The Tower of London, officially Her Majesty's Royal Palace and Fortress of the Tower of London, built by William the Conqueror. Armoury, treasury, Royal residence and even menagerie. Prison to Sir. Walter Raleigh and Elizabeth Tudor both, the Tower has stood as a symbol of English justice and impenetrability for centuries. Inside its forbidding moat and walls lie the treasure that is known as the Crown Jewels. Inside a vaulted chamber, Sir. Ronald stands, arms folded as Watson paces anxiously between the Guardsmen that only a fool or one who is tired of life dare challenge. Sir. Ronald is disappointed in Holmes, who had given his word he'd be there. Watson informs him of Holmes' decision to send him in his stead and it is all Sir. Ronald can do not to laugh; he cannot keep the scorn from his face. Piqued, Watson tells him he could do considerably worse. Where, at least are the policemen he promised to send?. A sergeant and two constables are en route, picked men. A sergeant of guards steps in with a snappy salute; police officers, to see Doctor Watson. A sergeant of police strides in and offers a salute, asking for Watson. The sergeant is Moriarty!; the two constables behind him include Bassick and another confederate. Sergeant Moria-I mean Bullfinch, cheekily asks for Watson's identification and examines his card. The 'sergeant' then removes his helmet and shows Watson his warrant paper by return.

Led by two Naval officers, a detachment of soldiers escorts the Star of Delhi to the gatehouse of the Tower. 'Captain Mainwaring of the Royal Navy reporting to Sir. Ronald Ramsgate.' Sir. Ronald appears at the portcullis with Watson and the three spurious policemen. Sir. Ronald orders the portcullis raised and shakes hands with Mainwaring. Perhaps unwisely, the Captain hands Sir. Ronald the box containing the jewel there are then. Open, the box contains an emerald bigger than a penny!. Sir. Ronald tells the Captain the Star has caused him great anxiety, the old duffer continuing that he will be relieved to have it locked up in the Tower. Moriarty's eyes are on stalks, but he keeps his composure and the pretence up a little longer. Declining the Captain's offer of accompaniment to the vault, Sir. Ronald bids him and his party goodbye and takes the Star into the Tower, followed by Watson, the three frauds in the rear. They go up the ancient stone steps to an imposing vaulted chamber, which is in darkness. Lit only by a Guardsman's lantern, a massive ironwork grille is revealed, the size of a large seaside pavilion of the type recently made fashionable in some of the gaudier resorts. Inside this lie the Crown Jewels, revealed in a majestic blaze of glory as the lights are lit. 

Handing Watson the Star, Sir. Ronald feels himself safe enough to show the jewels. The accumulated wealth of ten centuries of English kings. It is not often this door is unlocked – he produces an over-sized key and proceeds to unlock the door.

Moriarty calls out one word; 'Now!' and the lights are extinguished, plunging the chamber into chaos. Attacking the guards, his two 'constables' dash outside, closing the door behind them. Oddly, one then places the Star on the floor where it will easily be discovered!. The two faux-constables then make good their escape. The lights restored, the policemen are gone and Sir. Ronald realises he has been tricked; they were not policemen at all. Bursting out, the Guards take the stairs, both up and down, Watson and Sir. Ronald about to follow – when the Doctor spots the case. The Star is regained!. Small thanks to Watson's brilliant friend Sherlock Holmes!. Mockingly, Sir. Ronald recalls Holmes' opinion that no thief would dare steal the stone. Tompkins, the sergeant of guards returns from his search to report no-one is there. Sir. Ronald is unperturbed, returning the Star to the vault. He tells Watson he's minded to give the story to the press. It would certainly put Holmes in his place. Watson advises against it, after all he has the Star. Locking it away, Sir. Ronald's spirits are restored. He promised the Doctor's courage will be reported in due course, to the authorities. An Officer arrives to report the thieves have escapes, in the direction of Tower hill. They left without what they came for, Sir. Ronald tells him. The Officer orders Sergeant Tompkins to extinguish the light as they leave the vault.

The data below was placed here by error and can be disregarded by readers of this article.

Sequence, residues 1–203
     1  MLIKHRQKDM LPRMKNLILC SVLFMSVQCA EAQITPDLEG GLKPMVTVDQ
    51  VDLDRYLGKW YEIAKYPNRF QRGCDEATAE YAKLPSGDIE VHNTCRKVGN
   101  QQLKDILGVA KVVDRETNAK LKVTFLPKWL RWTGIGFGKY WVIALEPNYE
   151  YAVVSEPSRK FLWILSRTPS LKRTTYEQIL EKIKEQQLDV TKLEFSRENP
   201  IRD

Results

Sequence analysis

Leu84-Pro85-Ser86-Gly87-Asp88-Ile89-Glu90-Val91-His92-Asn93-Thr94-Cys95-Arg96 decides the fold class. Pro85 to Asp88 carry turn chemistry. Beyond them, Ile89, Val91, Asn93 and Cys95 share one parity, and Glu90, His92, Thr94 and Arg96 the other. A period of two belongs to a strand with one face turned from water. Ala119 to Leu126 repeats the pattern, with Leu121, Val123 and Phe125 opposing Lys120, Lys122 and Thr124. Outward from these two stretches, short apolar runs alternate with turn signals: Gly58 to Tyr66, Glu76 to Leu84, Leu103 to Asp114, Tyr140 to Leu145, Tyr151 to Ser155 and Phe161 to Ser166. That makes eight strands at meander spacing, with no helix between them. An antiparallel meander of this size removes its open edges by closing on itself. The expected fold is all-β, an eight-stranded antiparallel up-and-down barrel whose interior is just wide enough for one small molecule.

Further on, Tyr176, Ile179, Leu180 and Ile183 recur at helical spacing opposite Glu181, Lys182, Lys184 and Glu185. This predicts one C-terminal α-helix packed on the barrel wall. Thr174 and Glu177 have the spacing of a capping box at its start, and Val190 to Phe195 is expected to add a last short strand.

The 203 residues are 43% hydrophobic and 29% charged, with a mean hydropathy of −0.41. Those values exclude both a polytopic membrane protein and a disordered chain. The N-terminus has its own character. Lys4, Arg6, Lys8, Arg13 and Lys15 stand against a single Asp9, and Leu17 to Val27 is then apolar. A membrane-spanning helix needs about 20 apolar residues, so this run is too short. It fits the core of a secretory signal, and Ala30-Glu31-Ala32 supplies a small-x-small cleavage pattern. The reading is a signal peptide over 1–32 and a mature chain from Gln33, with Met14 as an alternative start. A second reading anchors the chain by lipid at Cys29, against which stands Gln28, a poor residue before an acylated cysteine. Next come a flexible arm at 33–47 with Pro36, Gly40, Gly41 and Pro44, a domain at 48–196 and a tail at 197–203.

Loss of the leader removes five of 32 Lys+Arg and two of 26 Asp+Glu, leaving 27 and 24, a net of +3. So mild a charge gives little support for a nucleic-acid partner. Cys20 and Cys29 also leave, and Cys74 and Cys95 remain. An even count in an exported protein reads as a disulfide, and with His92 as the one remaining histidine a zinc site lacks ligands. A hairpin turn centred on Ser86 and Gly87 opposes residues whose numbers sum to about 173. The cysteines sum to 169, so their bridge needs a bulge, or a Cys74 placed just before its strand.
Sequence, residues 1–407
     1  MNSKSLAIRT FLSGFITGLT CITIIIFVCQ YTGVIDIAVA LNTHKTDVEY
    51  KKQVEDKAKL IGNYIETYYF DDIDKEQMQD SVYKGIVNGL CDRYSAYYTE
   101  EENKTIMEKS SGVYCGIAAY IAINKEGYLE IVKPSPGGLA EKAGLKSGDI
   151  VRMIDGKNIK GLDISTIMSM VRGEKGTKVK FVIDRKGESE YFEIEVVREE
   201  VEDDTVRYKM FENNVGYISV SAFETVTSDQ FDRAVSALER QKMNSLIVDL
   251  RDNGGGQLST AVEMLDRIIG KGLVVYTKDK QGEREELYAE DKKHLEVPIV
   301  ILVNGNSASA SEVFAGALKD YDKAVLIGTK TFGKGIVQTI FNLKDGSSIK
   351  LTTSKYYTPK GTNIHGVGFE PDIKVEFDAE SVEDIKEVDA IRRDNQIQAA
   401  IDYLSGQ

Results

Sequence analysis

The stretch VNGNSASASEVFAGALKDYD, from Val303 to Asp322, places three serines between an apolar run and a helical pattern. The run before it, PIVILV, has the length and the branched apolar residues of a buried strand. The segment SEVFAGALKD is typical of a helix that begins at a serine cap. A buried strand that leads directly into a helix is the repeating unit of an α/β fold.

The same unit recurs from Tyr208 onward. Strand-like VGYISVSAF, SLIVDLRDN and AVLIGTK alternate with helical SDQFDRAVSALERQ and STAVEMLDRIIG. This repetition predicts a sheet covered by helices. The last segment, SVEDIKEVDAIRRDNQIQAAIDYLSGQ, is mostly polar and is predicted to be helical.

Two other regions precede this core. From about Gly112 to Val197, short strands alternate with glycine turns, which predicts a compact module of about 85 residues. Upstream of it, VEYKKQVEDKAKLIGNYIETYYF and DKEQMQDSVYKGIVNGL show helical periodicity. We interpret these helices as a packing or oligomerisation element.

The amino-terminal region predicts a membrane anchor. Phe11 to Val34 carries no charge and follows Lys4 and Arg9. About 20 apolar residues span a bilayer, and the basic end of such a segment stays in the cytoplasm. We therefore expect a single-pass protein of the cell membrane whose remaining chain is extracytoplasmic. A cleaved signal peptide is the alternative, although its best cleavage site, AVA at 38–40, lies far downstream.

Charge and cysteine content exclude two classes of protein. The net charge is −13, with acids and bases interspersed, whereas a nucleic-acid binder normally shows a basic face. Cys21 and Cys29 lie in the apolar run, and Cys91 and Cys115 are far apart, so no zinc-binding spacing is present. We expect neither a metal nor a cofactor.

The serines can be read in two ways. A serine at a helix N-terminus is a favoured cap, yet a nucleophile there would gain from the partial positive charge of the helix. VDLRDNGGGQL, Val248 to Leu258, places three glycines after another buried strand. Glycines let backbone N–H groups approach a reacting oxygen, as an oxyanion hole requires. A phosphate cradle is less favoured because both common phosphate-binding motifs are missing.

No sooner than he's alone, Moriarty pops up from his hiding place behind the jewels, inside the grille-work. Lighting a lamp, he examines the treasure, his eyes afire with greed. Opening the latch, he reveals a small wooden block which, in the brief confusion, he used to prevent the lock closing fully. In seconds he has the door open and his hands on Saint Edward's Crown, the first thief to do so since Colonel Thomas Blood in 1671.

At Lady Conyngham's residence, the festivities are over and the servants are packing up in the gardens. The Lady herself is seeing the last of her party-goers out with her customary grace and elegance. Ann comes up to her, her head dropping. Seeing how tired she is, Lady Conyngham tells her to go to bed. She will look in on her – and if she isn't asleep she promises to be 'terribly severe.' This cheers Ann somewhat, but looking up the stairs, she stiffens. Whatever is the matter with her?. She has noticed the time, the clock on the landing. It is almost midnight. In another eight minutes, it won't be May the 13th any more. Confused, her hostess nonetheless offers to escort her up. 'Have a good rest, my dear – and be sure to sleep late, its an inviolable custom of the house.' Ann goes to her fate, locking the door behind her and looking about for any hidden danger. Outside, in the shrubbery, a man walks, treading the earth with his club-foot. Removing her ear-rings, Ann freezes as she hears the dreaded melody once more, coming up from the grounds outside. Rushing to the balcony, she sees only swirling mist around the trees, the music stopping as she emerges. Rushing from her room in abject terror, she is surprised to see a butler with a message for her. There is a man on the terrace asking to see her, insisting it is most important. Mr. Holmes!. She goes down-stairs to meet him, emerging into the mist to see a figure smoking by the terrace. Going to him, she finds it is Jerrold Hunter.